The estate of former Roots' bassist Leonard Hubbard and his widow Stephanie Hubbard have filed a lawsuit against the band's co-founders and several other parties relating to the band's business dealings, alleging that they defrauded Hubbard out of millions of dollars over the last decade.
The lawsuit claims that Ahmir "Questlove" Thompson, Tariq "Black Thought" Trotter, Roots manager Shawn Gee and Roots employee Munir Nuriddin violated federal RICO laws by scheming to deny Hubbard his earnings from the band since 2013. In addition to the band's founders and management, the suit includes Live Nation Entertainment, The Roots on Tour and several companies that have handled the band's business dealings.
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Hubbard and fellow Roots' founding member Malik B. were each given a 17% stake in Grand Negaz, Inc., a corporate entity that the band used to purchase its trademark and finance business ventures, when it was founded in 1993, according to the lawsuit. Hubbard was also given a 25% stake in a company that handled the band's recordings and publishing, and a 33% stake in its touring performance company.
Hubbard left the band in 2007 after being diagnosed with blood cancer, and died in 2021.
Gee, Thompson and Trotter entered into several business contracts and opened bank accounts to deposit money from the three companies by "falsely purporting to represent all stakeholders" beginning in 2013, the lawsuit alleges. It further claims that Gee, Thompson and Trotter — through acts of "forgery, wire fraud, bank fraud, mail fraud, and criminal copyright infringement" — received millions of dollars through the band's corporate entities, some of which Hubbard was entitled to as a stakeholder.
His estate claims that, from 2013 onward, Gee, Thompson and Trotter "took control" of the finances and the band's business entities, including all of Hubbard's share value. The band formed Legendelphia, a separate business entity, in 2013, allegedly using funds from Grand Negaz, Inc. without Hubbard's consent, attempting to transfer and convert much of the original company's assets to a new company owned exclusively by the band's co-founders.
The band's leadership later shut down the businesses previously owned by Grand Negaz, Inc. without notice to its other shareholders, the lawsuit claims. The lawsuit further alleges that Gee secretly deactivated Hubbard's personal royalty account with Universal Music Publishing Group in September 2014.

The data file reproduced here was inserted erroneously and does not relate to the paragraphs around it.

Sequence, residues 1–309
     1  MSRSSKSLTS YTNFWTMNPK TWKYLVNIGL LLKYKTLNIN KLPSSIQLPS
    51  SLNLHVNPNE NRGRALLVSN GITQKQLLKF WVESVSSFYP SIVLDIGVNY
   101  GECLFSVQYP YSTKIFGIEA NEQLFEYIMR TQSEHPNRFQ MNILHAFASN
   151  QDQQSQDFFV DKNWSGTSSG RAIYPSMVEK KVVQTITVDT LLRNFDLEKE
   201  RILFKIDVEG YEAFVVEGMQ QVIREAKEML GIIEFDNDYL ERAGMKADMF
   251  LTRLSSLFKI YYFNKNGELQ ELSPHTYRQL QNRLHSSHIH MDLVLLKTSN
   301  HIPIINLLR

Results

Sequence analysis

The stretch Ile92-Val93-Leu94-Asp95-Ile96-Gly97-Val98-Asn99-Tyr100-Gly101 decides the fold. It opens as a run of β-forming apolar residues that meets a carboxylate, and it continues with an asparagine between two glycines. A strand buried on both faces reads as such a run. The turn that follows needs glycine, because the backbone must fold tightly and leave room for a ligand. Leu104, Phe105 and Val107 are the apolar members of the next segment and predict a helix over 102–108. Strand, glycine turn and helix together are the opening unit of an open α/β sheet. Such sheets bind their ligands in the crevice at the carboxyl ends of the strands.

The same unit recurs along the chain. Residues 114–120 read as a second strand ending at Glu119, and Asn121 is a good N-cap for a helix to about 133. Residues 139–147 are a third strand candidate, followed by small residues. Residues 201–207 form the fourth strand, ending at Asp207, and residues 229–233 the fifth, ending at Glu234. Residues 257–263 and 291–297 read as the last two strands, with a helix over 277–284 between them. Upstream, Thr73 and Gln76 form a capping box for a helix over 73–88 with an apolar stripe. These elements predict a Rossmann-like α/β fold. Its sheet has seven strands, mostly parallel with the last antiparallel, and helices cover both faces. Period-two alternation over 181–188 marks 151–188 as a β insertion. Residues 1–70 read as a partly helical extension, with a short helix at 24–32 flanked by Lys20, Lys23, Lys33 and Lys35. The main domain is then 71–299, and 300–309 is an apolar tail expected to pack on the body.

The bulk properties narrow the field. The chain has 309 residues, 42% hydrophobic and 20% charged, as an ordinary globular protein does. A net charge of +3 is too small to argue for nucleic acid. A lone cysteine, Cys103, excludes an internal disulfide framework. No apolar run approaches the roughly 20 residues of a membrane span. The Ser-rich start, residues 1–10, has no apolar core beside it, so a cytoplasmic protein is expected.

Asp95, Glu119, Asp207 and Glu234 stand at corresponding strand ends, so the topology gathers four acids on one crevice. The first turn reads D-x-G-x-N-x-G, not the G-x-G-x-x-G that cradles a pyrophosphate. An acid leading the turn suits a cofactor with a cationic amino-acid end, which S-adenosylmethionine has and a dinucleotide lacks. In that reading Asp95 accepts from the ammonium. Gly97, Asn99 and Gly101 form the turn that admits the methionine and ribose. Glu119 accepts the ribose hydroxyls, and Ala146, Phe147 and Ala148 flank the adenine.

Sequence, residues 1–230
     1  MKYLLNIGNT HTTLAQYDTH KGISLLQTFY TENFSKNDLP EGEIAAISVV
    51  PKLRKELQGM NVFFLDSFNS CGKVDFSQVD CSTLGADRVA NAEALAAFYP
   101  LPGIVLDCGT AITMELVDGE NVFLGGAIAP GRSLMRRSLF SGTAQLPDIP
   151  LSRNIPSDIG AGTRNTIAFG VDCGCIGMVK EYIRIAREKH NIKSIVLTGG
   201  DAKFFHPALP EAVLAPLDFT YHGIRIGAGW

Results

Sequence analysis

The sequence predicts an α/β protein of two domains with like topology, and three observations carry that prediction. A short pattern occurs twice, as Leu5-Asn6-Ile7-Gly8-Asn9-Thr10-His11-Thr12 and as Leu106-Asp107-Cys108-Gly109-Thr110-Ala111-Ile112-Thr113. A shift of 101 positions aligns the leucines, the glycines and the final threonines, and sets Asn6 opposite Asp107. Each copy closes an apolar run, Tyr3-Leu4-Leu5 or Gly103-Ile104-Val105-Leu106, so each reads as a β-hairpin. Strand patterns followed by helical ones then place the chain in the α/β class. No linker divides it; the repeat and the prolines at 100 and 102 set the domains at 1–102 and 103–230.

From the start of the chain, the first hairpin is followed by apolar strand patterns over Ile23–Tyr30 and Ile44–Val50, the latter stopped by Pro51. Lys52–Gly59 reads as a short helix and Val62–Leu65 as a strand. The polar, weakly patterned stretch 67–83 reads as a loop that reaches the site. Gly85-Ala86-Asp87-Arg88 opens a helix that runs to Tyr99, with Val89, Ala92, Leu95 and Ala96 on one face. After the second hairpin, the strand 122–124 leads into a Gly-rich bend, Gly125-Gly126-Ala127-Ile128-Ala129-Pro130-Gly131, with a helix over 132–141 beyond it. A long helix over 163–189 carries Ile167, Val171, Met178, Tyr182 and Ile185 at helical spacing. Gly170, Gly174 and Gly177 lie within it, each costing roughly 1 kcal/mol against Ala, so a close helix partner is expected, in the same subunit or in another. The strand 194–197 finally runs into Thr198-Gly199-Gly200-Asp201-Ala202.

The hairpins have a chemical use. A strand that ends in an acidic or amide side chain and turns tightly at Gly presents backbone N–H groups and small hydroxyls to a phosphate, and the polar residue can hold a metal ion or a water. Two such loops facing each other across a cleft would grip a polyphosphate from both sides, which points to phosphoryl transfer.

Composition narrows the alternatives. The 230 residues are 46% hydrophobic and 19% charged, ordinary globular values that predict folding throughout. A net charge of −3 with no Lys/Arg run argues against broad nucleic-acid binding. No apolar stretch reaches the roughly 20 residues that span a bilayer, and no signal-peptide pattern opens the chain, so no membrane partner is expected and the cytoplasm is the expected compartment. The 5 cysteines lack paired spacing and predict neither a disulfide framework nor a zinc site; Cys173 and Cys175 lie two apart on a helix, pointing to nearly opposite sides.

It also claims that Thompson and Trotter directed a "fraudulent" letter to be written from Legendelphia to Universal Music Publishing Group in 2013, requesting that all publishing royalties be moved from Grand Negaz, in which Hubbard had a stake, to Legendelphia, in which he did not.
The lawsuit is seeking restitution for the property, money and benefits it claims are owed to Hubbard and his estate, as well as attorneys' fees and additional damages. The estate has also asked the court to inspect the defendants' records regarding Hubbard and his estate, take an accounting of their business transactions and suspend the use of the Roots' trademark until its value can be determined.
"I would hope that these guys would have enough respect and compassion for their former band member... to make sure that he receives compensation for what may have not been given to him in the past, and so that his widow can live a reasonable life," Luke Lucas, an attorney at Lucas Law Group representing Hubbard's estate, told the Philadelphia Business Journal.
Hubbard, a West Philadelphia native, joined The Roots in 1992 after performing alongside Questlove and Black Thought at a show in Philly. The group was still known as the Square Roots at the time.
Hubbard recorded seven studio albums with the group over a 15-year period, helping write and arrange a number of tracks. A seven-time Grammy nominee, Hubbard won his only Grammy in 2000 for best rap performance by a duo or group for "You Got Me" by The Roots featuring Erykah Badu and Eve, according to Billboard.
Hubbard's last album with The Roots was "Game Theory" in 2006. He left the band in 2007 after being diagnosed with multiple myeloma, a form of blood cancer. He performed with the group twice after his departure — at the Roots Picnic in 2008 and when the band played with John Legend in 2010, Rolling Stone reported.
Trotter, Thompson, Gee and Live Nation did not immediately respond to PhillyVoice's requests for comment on the lawsuit. Nuriddin could not be reached.
In 2016, Hubbard himself sued Thompson, Trotter and Gee, alleging that he was paid less than other band members despite an agreement stating that he would be paid as a co-founder. Hubbard also claimed that Gee threatened to cut off his health insurance and a portion of the band's revenue. The lawsuit was discontinued before Stephanie Hubbard filed the new lawsuit.